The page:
I was recently asked by to comment on the popularity of the Bromance movies that dominate the comedy genre in our American films, and as usual, my mind kept on unwinding why it was so popular until I landed on a feeling I often get when I hit a genuine nerve, one we need to take a look at. What dawned on me is that part of what is common in Bromances is male affection. Guys hug each other (not the pat on the back sports kind), kiss each other, sleep in the same bed, openly discuss vulnerabilities. Now, as a woman, this is all just normal, natural and non sexual behavior in this context. I couldn’t imagine a life where I didn’t regularly experience these kinds of affection with other women, and with men who are my friends. For purposes of this post, my use of the word “affection” here will be referring to the non sexual kind.
So as my mind is wont to do, it ran down that road paved by lack of affection among straight men in our culture. Gay men have no problem with non sexual male-to-male affection, so for purposes of this post, I am also referring only to heterosexual men.
Touch is vital to human life. Care and nurturing are not exclusively the domain of women. Babies who are touched regularly in the neonatal units in hospitals thrive, grow and gain weight more quickly than those that aren’t. Affection, primarily touch, is as essential to our lives as human beings as the air we breathe, yet men in our culture are almost entirely deprived of experiencing it with each other, for fear of being labeled gay.
Little boys naturally express affection towards everyone, just as little girls do. They hug, they kiss, they cuddle. It’s not a gender thing. It’s a human being thing. It’s natural, normal and not judged. At a certain age, usually around the time boys go to school, so as early as kindergarten or sooner, the social programming begins that tells boys to suck it up when they cry instead of being comforted by the same hug offered to little girls when they cry. “Be a man,” they’re often told, or “be tough,” teaches boys quickly that in order to be loved and accepted, and to be separated from the girls and considered a boy, that they should not express their feelings or desire to be comforted. Anger of course is the only socially accepted emotion given to males. All the rest belong to us. I often say that women get all the emotions, except anger, and men get none but anger. All of this containment of natural desires for affection is happening gradually over the development of a boy’s life into manhood. There’s little conscious awareness for most, if any, that they are being forced to abandon a basic human need and desire, until one day that boy wakes up in what I call the Man Box. I’ve often said that we women know we live in society’s box, but we are aware that we are in one. Men, I feel live in one, and it’s invisible to most.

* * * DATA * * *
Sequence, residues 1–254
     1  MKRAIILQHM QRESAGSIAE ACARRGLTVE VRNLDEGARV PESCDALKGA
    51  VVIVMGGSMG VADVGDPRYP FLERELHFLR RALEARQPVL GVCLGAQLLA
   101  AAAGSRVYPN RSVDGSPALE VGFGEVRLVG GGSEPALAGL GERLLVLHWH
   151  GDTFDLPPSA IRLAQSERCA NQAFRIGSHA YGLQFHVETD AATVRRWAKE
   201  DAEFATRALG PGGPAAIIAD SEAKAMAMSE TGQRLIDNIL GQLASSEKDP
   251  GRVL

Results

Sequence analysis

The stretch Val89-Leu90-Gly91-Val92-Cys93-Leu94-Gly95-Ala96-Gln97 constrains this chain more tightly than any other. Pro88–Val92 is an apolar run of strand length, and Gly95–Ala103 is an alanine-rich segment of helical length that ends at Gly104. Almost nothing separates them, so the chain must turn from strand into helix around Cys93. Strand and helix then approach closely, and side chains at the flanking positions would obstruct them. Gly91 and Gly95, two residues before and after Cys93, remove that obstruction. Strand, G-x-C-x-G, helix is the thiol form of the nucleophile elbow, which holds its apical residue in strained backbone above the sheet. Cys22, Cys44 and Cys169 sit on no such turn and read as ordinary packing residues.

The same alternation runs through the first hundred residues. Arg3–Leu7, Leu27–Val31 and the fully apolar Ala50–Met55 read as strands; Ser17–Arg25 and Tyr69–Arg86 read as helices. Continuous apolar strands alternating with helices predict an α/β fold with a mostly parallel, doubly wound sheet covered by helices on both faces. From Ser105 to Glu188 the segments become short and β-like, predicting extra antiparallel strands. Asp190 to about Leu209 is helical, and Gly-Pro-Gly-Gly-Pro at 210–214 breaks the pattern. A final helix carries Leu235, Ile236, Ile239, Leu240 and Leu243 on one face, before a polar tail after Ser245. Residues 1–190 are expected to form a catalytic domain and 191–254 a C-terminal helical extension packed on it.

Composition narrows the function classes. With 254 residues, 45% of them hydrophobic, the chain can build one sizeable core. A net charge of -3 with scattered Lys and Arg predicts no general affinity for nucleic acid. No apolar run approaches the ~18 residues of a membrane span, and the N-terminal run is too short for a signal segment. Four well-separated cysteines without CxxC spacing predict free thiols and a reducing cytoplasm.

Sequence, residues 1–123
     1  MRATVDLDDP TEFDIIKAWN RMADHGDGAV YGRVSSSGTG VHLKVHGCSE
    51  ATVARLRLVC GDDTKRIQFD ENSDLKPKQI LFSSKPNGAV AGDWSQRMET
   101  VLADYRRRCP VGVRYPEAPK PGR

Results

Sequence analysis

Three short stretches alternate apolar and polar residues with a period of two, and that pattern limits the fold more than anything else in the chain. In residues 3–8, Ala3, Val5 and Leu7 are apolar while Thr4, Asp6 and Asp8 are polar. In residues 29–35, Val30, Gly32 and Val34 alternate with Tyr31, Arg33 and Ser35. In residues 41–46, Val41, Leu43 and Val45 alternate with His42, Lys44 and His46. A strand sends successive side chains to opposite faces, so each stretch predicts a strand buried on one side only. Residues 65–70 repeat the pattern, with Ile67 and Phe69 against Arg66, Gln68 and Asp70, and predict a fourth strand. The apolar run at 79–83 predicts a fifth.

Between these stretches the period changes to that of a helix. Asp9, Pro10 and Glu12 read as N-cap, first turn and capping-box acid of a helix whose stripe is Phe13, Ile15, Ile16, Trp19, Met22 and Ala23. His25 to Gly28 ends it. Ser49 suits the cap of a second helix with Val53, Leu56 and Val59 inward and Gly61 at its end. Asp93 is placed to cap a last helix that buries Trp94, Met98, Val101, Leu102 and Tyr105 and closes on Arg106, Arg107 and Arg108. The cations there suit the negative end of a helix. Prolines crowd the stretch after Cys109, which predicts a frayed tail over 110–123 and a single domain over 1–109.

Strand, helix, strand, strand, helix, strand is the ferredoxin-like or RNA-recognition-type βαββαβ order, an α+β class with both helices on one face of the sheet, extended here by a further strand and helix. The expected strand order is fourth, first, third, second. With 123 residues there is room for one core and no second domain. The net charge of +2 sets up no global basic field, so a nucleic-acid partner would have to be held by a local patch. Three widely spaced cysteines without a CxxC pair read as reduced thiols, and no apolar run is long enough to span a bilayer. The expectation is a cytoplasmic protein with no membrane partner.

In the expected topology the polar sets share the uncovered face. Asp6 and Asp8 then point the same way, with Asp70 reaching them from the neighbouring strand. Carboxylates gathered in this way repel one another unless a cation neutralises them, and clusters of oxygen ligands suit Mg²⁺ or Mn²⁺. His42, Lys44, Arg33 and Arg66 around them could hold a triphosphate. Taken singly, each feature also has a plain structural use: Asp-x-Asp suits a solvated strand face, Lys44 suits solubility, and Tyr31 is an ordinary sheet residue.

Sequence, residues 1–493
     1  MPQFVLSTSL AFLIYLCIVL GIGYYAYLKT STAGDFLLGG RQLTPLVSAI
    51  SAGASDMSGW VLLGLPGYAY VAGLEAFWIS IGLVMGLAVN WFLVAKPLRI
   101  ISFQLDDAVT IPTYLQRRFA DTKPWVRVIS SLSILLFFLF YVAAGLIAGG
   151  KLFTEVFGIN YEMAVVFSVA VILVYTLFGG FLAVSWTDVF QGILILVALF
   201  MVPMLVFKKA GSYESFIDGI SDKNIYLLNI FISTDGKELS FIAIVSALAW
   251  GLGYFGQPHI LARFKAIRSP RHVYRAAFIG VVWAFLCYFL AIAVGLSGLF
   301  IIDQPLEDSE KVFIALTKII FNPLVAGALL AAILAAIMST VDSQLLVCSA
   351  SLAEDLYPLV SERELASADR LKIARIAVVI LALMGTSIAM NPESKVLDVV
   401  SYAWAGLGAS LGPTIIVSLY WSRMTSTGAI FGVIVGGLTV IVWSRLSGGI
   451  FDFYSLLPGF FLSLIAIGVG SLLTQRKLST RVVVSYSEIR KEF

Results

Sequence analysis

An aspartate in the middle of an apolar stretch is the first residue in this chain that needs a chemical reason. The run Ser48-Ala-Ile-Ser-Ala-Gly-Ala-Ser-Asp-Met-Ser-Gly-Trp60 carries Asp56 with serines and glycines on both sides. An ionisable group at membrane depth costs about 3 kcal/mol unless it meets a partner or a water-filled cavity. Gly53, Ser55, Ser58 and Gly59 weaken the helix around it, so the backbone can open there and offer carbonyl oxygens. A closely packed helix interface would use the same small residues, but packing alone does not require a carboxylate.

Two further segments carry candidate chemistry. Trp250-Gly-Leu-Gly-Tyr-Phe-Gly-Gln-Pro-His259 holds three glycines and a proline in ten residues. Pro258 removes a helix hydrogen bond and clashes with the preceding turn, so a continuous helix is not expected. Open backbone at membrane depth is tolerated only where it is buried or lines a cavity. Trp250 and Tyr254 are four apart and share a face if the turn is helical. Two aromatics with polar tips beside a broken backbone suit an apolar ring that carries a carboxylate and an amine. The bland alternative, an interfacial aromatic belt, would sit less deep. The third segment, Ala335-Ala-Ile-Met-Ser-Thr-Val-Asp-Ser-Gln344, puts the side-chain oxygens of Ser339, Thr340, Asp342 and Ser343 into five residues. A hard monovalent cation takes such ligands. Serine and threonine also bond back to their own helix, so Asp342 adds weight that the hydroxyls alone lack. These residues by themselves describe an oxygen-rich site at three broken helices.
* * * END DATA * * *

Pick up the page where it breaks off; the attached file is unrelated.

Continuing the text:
That box forces men to conform to false notions of what it means to be a man, as our society defines it, and forces men to exhibit behaviors, and not exhibit others, that also define what a man is. It also determines whether other men in the box will respect you. This box in my view deeply affects the emotional interiors of men. So much of these societal dictates are borne of homophobia. I’m sure most guys reading this can think of a time in their childhood, and all throughout, where if they cried, or sought comfort in affection, they were called any of the many homophobic names that little boys who are sensitive (or simply normal, in my view) often are.
Boys grow up, as do girls, as do all human beings, learning from what they see and hear. I often speak to mothers about this in modeling the kind of woman they’d like to see their girls become, as what they see you do and how they hear you speak, ultimately informs who they become. This is true for boys whose ideas around masculinity and how being a man is defined. These modeling behaviors will ultimately determine this Man Box for him. It will determine how he feels he needs to behave in order to be accepted by all the other men in the box.